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multiconductor cable problem (stray capacitance)

multiconductor cable problem (stray capacitance)

multiconductor cable problem (stray capacitance)

Hi Everyone... I'm a bioengineering graduate (still looking for a job). Anyways I'm trying to connect a slowly varying small amplitude signal from a sensor to an amplifier using a two conductor cable. I have to use the other wire in the cable too.. I have 2 options.
1. Connect a power line (60 Hz, 120 V RMS)
2. 0 to + 5 V sinusoid with f=100 MHz

Which one would be a better option? (considering stray capacitances)...Would I have to consider any other effects?

Thanks for the help

RE: multiconductor cable problem (stray capacitance)

Another option would be to install the amplifier directly adjacent to the sensor. For low level signals it is a very common approach.

To start towards answering your question:

Why 100 MHz? Where does the 100 MHz come from? Is that a power supply (asking because the 60Hz 120V seems to be...).

Although 100 MHz would probably couple much more from wire to wire than 60 Hz, it might be cleaner and (being higher frequency) easier to filter out. It depends.

RE: multiconductor cable problem (stray capacitance)

the 100Mhz signal is a digital signal originating from a computer. I figured it would be a good approximation for coupling to say that its a sinusoid.

I took just 1 class on instrumentation 2 years ago, and can't remember much... I only  remember reading a couple of paragraphs on stray capacitance... (i'm a biochemical engineer) The design is too complicated to explain here... But the only option I got is to use the cable to carry two signals...One is fixed, and the other, I can either use the power line or the digital signal.... It would be great if you could explain why...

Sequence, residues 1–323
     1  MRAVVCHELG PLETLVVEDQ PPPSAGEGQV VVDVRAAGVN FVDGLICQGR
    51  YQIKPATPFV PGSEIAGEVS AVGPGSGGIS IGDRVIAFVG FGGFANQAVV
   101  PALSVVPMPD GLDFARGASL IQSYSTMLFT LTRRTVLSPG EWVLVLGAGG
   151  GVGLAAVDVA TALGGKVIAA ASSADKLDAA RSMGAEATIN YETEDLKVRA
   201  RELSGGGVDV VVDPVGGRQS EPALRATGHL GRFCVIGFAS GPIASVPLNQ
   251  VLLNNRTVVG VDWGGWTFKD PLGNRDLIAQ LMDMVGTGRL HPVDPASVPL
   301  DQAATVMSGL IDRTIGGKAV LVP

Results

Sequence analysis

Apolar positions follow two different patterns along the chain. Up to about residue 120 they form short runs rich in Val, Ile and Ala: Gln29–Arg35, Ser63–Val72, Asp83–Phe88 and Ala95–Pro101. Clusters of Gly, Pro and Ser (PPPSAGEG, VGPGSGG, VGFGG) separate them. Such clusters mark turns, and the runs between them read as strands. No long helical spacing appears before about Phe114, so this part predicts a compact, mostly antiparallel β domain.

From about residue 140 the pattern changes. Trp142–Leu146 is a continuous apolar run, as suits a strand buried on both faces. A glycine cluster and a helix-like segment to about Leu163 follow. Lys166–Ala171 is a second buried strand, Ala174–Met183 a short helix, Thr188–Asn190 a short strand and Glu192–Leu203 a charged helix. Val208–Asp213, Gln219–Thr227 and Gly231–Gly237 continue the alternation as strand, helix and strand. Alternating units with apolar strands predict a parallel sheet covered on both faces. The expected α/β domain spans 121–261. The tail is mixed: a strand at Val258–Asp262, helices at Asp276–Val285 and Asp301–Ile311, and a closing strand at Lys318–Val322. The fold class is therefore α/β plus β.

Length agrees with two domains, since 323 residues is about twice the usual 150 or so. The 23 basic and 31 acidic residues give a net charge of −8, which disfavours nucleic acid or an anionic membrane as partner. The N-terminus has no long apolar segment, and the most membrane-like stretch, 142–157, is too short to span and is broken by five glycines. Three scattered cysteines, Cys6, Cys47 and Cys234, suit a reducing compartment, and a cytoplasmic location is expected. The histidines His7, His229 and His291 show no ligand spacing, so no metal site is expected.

RE: multiconductor cable problem (stray capacitance)

So you have a cable with 120Vac 60Hz on one set of wires, and some sort of 100MHz digital signal from a PC on another set of wires, and you need to move a small amplitude analog signal using some of those same wires?

If this isn't it, then explain about the cable again.

RE: multiconductor cable problem (stray capacitance)

I have a varying (slowly) small amplitude signal (still didnt figure out its properties) on one set of wires. For the second set, I have 2 options...as mentioned above (a power signal or a digital signal).... Which one would be a better option...? the power one or the digital one?

RE: multiconductor cable problem (stray capacitance)

I see. Sorry I'm slow on the uptake. My excuse is that I still can't really envision how one would have a system architecture choice between AC power or a 100 MHz digital signal (but I do believe you).

Your answer depends on many things. But I'd instinctively try the higher frequency digital signal because it would seem to be much easier to filter out 100 MHz (plus and minus sidebands and who-knows-how-much noise), than to try to filter out all the low frequency rubbish found on the typical AC power line.

You'd probably want to use a differential input at the amplifier end so that much of the noise (being common mode) would be ignored.

On the face of it, it would seem to be a fairly simple exercise to remove the high frequency from the slowly varying. It's a spectrum separation approach.

Stand by for other opinions - they're all free.

RE: multiconductor cable problem (stray capacitance)

Never try to carry a low amplitude signal over a cable.

(Never)^2 try to carry a low amplitude signal over a shared cable.

Connect an amplifier directly to your sensor.  Use the cable to power the amplifier, and an ADC, and a small RF transmitter to send the amplified and sampled signal wherever you need it to go.

Mike Halloran
Pembroke Pines, FL, USA

RE: multiconductor cable problem (stray capacitance)

Thanks for the help guys..
VE1BLL: This is an idea that I came up with while I was doing my senior design... So I've just been putting together some stuff for that...

And Mike:  "((Never)^2 try to carry a low amplitude signal over a shared cable)" Care to explain why? I'm assuming its due to the stray capacitance, but are there other factors?

RE: multiconductor cable problem (stray capacitance)

Not just 'stray capacitance', but also inductive coupling. Unless the wire pairs are individually shielded, you have to assume that there will be plenty of coupling (depending on the overall length).

But, it is possible for various signal to share even just ONE PAIR of conductors by taking advantage of the frequency spectrum.

For example, satellite TV cables from the dish to the receiver have chaning 13 or 18 Vdc power, switched 22kHz audio, sometimes a digital code riding on the 22kHz audio, and L-band RF all running on the same cable.

Many microphones provide DC bias on the same wires.

RE: multiconductor cable problem (stray capacitance)

Stray everything, and connector resistance.

Mike Halloran
Pembroke Pines, FL, USA

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